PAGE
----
FOCIS is the meeting in translational immunology that will give you a competitive edge in your career. Stay ahead of the curve with leading clinicians and researchers delivering the latest breakthroughs across immune-mediated diseases. Focusing on molecular pathways and their implications in human disease provides the unique opportunity for innovative thinking and apply ideas from the pathologies of other diseases to uncover novel solutions to challenges in the diseases you study.
FOCIS delegates range in specialties including, but not limited to autoimmunity, diabetes, allergy/asthma, transplantation,rheumatology, genetics and neurology, reflecting the diverse and interdisciplinary culture of FOCIS.
FOCIS 2018 offers the opportunity for manufacturers, distributors and suppliers of products that relate to translational immunology to showcase their products/services.
• Complimentary registration to FOCIS 2018 scientific sessions
• Exhibitor suite upgrades available: Hold private meetings with Key Opinion Leaders throughout FOCIS 2018
• Social media promotion connecting exhibitors with the FOCIS audience
The Federation of Clinical Immunology Societies (FOCIS) exists to improve human health through immunology by fostering interdisciplinary approaches to both understand and treat immune-based diseases. Initially established as a cross-disciplinary meeting, FOCIS held its first Annual Meeting in 2001. After two successful consecutive meetings, FOCIS incorporated in 2003 as a 501(c)3 organization. Now in its twelfth year of existence, FOCIS has 53 Member Societies, representing roughly 65,000 clinician scientists. A Federation of this size provides a voice for clinical immunologists and ultimately strives to improve patient care.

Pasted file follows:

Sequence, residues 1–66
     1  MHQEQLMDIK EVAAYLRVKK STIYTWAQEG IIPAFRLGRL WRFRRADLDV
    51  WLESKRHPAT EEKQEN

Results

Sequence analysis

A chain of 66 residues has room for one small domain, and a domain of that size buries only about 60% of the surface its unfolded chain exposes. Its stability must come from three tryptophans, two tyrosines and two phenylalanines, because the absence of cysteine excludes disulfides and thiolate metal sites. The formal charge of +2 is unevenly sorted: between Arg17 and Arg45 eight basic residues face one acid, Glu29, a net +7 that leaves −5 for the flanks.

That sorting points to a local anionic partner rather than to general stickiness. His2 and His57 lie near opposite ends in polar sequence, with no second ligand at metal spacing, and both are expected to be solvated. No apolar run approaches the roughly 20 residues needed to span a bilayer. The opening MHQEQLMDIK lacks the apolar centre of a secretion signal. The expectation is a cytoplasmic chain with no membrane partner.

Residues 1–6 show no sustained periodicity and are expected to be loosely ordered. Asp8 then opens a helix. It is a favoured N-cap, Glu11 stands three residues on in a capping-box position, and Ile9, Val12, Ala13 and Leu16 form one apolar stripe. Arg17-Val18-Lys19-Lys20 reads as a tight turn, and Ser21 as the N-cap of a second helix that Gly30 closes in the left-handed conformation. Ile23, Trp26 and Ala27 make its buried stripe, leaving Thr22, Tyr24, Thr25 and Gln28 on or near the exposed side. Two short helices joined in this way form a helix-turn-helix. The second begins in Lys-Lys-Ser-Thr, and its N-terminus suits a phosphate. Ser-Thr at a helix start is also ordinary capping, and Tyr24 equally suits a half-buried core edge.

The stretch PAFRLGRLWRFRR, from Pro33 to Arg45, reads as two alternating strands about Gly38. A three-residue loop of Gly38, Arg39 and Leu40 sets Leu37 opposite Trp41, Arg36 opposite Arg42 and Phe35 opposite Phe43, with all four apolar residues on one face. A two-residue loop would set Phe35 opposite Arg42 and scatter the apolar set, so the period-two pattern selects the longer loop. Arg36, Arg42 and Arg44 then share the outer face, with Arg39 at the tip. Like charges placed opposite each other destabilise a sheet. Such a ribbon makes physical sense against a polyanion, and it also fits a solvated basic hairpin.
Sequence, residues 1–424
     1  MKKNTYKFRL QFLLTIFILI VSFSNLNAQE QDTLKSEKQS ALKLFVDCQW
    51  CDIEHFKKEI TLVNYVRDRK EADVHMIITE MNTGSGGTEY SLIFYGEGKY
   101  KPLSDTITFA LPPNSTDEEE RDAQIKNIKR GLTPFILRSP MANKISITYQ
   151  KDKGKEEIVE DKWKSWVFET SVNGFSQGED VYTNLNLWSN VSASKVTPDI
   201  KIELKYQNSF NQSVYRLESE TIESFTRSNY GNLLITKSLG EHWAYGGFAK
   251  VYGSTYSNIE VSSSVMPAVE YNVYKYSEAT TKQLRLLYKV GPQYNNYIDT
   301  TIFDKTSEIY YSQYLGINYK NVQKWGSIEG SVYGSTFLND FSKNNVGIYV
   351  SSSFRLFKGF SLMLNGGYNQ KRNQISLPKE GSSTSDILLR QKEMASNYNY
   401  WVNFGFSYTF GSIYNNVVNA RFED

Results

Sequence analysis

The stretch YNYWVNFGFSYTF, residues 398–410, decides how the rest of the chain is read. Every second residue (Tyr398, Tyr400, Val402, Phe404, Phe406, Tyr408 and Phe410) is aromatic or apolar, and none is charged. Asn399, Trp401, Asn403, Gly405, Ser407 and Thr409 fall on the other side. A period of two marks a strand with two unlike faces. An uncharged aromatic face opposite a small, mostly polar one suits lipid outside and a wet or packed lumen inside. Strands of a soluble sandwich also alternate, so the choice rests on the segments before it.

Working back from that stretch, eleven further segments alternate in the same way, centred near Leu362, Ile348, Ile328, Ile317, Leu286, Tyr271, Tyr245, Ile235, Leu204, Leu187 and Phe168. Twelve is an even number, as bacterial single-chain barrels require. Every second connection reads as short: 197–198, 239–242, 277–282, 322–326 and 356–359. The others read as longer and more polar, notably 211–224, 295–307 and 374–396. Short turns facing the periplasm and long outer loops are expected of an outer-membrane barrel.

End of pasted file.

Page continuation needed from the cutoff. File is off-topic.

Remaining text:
Chief, Laboratory of Systems Biology
NIAID, National Institutes of Health
Ronald N. Germain received his M.D. and Ph.D. from Harvard University in 1976 Since that time he has investigated basic immunobiology, first on the faculty of Harvard Medical School and, since 1982, as the Chief, Lymphocyte Biology Section in the Laboratory of Immunology and now as Chief of the Laboratory of Systems Biology at NIAID, NIH. He and his colleagues have made key contributions to our understanding of MHC class II molecule structureâ€“function relationships, the cell biology of antigen processing, and the molecular basis of T cell recognition. More recently, his laboratory has explored the relationship between immune tissue organization and control of immunity studied using dynamic and static in situ microscopic methods that his laboratory helped pioneer. He has published more than 300 scholarly research papers and reviews.
Among numerous honors, he was elected as an Associate (foreign) member of EMBO (2008), elected to the National Academy of Medicine, National Academy of Sciences USA (2013), received the Meritorious Career Award from the American Association of Immunologists (2015), chosen as NIAID Outstanding Mentor (2016), elected to the National Academy of Sciences (2016) and has been designated an NIH Distinguished Investigator. He has trained more than 70 postdoctoral fellows, many of whom hold senior academic and administrative positions at leading universities and medical schools
Columbia Center for Translational Immunology, Department of Medicine, Columbia University